Old white people are drowning in despair and rage. Here’s how my father lost his mind — thanks to his cable diet
My god, take the words right out of my mouth.
Thanks for the suggestion, talesnshiz. So far, so good!
Oh, just you wait.
trying to be a part of conversations like
Why do I have to erase EVERYTHING on my phone just because I bought a new computer, Apple? Let me use two libraries for my one phone. Why? Why? Whyyyyyyy?
Ever since switching to a Mac all my technology has had major problems. Why is Apple such an asshole about what I can and can’t do with my fucking iphone? UGH. Nothin gut problems since all these new updates. This is such bullshit!
yep, this is definitely a problem.
250 ways to say ‘went’
Buy the Poster: WriteAtHome
This 2014 article is the biggest study to date to analyze medical records (as opposed to just reviewing birth certificate data) and compare outcomes of low-risk pregnancies delivered at home vs in hospital. A couple of fascinating findings:
- Caesarean-section (C-section) rates for low-risk home births: 5.2%
- Meanwhile, C-section rates for low-risk hospital births in the US: 31%
- 89% of women completed the birth at home rather than being transferred to hospital. (The other 11% mainly transferred due to Failure to Progress).
- Only 1% of babies born at home required transfer to the hospital after birth, and most transfers were for non-urgent conditions.
- Babies born to low-risk mothers at home had no higher risk of death in labor or the first few weeks of life than those in comparable studies of similarly low-risk pregnancies delivered in hospital.
I don’t think I’ve mentioned this before on the blog, but both of our sons were planned to be home-births. We had to transfer to hospital with the first because the labor was just going WAY too long (27 hours is plenty, wouldn’t you say?) and the Mrs. needed some pain relief; but the second son was born at home. Neither child had any adverse outcomes, praise God.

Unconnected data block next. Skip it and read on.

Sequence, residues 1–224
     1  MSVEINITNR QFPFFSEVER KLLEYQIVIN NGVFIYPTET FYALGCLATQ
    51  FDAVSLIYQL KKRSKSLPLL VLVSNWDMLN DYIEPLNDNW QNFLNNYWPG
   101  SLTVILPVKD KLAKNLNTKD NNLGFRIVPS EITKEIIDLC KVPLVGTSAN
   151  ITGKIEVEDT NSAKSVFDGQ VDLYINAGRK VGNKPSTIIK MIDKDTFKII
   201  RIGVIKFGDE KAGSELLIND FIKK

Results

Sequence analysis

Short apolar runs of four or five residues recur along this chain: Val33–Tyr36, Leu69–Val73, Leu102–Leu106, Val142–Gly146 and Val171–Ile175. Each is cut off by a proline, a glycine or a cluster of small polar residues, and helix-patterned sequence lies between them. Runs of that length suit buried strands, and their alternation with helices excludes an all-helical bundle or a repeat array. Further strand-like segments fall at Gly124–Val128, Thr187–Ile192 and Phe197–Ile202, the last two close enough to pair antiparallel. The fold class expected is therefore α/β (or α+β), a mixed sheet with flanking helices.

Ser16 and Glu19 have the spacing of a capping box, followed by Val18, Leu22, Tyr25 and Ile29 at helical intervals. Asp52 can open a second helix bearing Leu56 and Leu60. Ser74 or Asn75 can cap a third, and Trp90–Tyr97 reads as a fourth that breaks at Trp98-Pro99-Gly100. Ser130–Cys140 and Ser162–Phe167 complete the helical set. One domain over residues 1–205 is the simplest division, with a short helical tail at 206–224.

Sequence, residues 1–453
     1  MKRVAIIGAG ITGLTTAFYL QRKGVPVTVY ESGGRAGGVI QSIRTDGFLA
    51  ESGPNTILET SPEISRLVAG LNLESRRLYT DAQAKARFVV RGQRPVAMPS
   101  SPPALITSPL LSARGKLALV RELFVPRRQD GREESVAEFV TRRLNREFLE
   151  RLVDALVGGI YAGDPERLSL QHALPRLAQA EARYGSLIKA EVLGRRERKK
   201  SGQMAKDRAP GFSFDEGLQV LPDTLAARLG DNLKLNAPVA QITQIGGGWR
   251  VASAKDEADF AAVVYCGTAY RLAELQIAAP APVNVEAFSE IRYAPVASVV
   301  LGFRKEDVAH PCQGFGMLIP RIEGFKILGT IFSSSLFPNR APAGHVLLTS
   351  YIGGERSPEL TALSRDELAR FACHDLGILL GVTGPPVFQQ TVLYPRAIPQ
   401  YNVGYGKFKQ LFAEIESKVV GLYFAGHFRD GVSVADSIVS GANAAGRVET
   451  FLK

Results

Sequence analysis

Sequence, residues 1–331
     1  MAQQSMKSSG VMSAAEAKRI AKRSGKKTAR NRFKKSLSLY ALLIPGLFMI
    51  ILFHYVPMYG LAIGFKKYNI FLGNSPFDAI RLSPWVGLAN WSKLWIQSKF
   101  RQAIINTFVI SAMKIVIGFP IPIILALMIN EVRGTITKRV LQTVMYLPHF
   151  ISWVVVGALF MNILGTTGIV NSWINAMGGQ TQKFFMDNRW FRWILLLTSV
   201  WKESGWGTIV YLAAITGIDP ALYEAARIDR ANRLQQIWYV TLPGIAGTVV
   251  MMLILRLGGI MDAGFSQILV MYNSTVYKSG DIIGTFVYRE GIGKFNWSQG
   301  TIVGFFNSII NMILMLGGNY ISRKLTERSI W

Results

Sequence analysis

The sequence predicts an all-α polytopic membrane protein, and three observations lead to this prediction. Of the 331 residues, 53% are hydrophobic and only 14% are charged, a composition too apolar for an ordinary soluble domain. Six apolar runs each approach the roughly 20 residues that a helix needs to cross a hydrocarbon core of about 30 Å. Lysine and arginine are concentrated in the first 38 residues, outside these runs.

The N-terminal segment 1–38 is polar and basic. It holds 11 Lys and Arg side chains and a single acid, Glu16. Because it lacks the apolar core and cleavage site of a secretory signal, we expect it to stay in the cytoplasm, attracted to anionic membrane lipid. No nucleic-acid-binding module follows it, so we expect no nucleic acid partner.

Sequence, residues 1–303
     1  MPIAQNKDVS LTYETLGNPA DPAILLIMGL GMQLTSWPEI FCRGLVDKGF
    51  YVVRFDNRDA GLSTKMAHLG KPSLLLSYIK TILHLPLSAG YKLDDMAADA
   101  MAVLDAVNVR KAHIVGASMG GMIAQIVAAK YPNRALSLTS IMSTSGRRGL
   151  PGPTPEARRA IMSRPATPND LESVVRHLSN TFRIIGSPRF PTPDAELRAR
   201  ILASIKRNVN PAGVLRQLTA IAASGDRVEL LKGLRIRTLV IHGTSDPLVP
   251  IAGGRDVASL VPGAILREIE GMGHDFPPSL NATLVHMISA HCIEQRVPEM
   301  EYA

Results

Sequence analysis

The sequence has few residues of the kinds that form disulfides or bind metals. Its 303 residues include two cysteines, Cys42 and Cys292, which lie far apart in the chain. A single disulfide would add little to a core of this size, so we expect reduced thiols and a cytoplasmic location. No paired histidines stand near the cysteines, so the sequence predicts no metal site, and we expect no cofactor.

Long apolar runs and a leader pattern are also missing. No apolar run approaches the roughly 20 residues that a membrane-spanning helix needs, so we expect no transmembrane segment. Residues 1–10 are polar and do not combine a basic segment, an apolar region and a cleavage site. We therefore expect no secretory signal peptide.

Before we had our first child, it took me a LONG time (years, really) to come to grips with the idea of “home birth” — and this was AFTER my medical training, which included delivering over 50 low-risk babies! Thankfully, we found a very patient, well-trained and well-spoken midwife who was able to assuage all of my doctorly misgivings (and frankly, on some points, misinformation) re: the risks of attempting to complete our low-risk pregnancies at home. Now, reading this study makes me even more certain (retrospectively) that we made the right choices for our family.
Certainly, there is still a HUGE need for in-hospital, MD-managed deliveries (including C-sections), most obviously among “high-risk” pregnancies — but as rates of “unplanned”/”elective” C-sections (with the known adverse outcomes and financial costs they entail) continue to rise among low-risk mothers/babies in hospital births, I have come to believe that the medical community owes it to all future parents and babies to:
- read the research
- assuage our fears of the unknown
- acknowledge some of our unfounded biases against the midwives and/or home-births and/or “a baby being born without an ICD-10 code being generated”, and
- be willing to “allow” (and even promote — gasp!) midwife-managed home-births for a greater proportion of low-risk pregnancies in the US.